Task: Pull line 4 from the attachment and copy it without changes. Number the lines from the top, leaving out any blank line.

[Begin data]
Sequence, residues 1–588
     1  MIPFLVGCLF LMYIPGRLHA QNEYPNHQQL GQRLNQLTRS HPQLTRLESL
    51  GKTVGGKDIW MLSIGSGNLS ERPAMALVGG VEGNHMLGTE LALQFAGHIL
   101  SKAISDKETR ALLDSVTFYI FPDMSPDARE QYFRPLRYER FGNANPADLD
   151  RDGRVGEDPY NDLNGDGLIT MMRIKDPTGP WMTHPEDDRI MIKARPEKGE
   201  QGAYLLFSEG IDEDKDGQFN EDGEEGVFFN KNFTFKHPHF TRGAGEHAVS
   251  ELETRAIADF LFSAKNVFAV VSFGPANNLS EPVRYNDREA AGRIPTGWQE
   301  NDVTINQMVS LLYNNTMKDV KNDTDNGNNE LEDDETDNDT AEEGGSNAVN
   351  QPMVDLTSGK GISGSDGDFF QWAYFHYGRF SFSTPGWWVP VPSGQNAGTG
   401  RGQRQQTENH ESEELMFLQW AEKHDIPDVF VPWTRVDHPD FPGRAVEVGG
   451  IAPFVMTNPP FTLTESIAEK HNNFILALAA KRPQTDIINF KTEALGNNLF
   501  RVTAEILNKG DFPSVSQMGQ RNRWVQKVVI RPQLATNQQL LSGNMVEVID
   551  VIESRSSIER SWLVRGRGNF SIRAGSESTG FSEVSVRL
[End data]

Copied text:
   101  SKAISDKETR ALLDSVTFYI FPDMSPDARE QYFRPLRYER FGNANPADLD